Fertility intentions of prenatal and postpartum HIV-positive women in primary care in Mpumalanga province, South Africa: A longitudinal study

Karl Peltzer, Sibusiso Sifunda, Lissa N. Mandell, Violeta J. Rodriguez, Tae Kyoung Lee, Ryan Cook, Stephen M Weiss, Deborah Jones

Research output: Contribution to journalArticle


Introduction: This study aimed to assess fertility intentions (planning to have more children in the future) and associated factors among pregnant and postpartum HIV positive women in rural South Africa. Methods: In a longitudinal study, as part of a prevention of mother to child transmission (PMTCT) intervention trial, 699 HIV positive prenatal women, were systematically recruited and followed up at 6 months and 12 months postpartum (retention rate = 59.5%). Results: At baseline, 32.9% of the women indicated fertility intentions and at 12 months postnatal, 120 (28.0%) reported fertility intentions. In longitudinal analyses, which included timeinvariant baseline characteristics predicting fertility intention over time, not having children, having a partner with unknown/HIV-negative status, and having disclosed their HIV status to their partner, were associated with fertility intentions. In a model with time-varying covariates, decreased family planning knowledge, talking to a provider about a future pregnancy, and increased male involvement were associated with fertility intentions. Conclusion: Results support ongoing perinatal family planning and PMTCT education.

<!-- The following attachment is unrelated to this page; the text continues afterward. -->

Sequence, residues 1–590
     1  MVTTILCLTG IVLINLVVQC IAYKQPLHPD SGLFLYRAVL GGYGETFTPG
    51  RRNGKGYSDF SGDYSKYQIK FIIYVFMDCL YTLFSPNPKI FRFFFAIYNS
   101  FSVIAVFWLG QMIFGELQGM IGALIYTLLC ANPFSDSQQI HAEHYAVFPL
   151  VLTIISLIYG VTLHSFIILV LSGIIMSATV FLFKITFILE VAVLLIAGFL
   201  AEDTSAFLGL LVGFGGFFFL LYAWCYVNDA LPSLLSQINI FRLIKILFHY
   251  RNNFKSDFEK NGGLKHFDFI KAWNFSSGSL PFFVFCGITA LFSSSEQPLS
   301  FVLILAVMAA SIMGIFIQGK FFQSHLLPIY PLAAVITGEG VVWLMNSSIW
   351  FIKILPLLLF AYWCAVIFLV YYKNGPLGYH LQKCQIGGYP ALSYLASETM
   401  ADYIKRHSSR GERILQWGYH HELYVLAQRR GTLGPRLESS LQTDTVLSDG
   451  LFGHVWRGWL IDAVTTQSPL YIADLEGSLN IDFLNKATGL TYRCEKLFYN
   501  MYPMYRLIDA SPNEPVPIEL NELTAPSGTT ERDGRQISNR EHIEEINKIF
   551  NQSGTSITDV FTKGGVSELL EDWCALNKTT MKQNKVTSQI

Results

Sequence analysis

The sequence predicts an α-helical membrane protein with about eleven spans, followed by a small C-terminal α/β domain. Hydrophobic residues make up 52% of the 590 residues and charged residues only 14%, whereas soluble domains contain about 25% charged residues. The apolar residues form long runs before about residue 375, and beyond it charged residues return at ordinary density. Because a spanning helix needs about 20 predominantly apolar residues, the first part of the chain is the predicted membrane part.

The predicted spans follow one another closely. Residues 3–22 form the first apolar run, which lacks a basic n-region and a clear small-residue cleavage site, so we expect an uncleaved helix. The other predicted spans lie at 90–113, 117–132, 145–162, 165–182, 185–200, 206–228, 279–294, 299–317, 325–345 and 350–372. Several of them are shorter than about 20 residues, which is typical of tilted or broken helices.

Original languageEnglish (US)
Pages (from-to)9-17
Number of pages9
JournalHIV/AIDS - Research and Palliative Care
StatePublished - Jan 1 2018



  • Family planning
  • Fertility intentions
  • HIV infection
  • Male involvement
  • Pregnancy
  • South Africa

ASJC Scopus subject areas

  • Epidemiology
  • Health Policy
  • Dermatology
  • Infectious Diseases
  • Virology

Cite this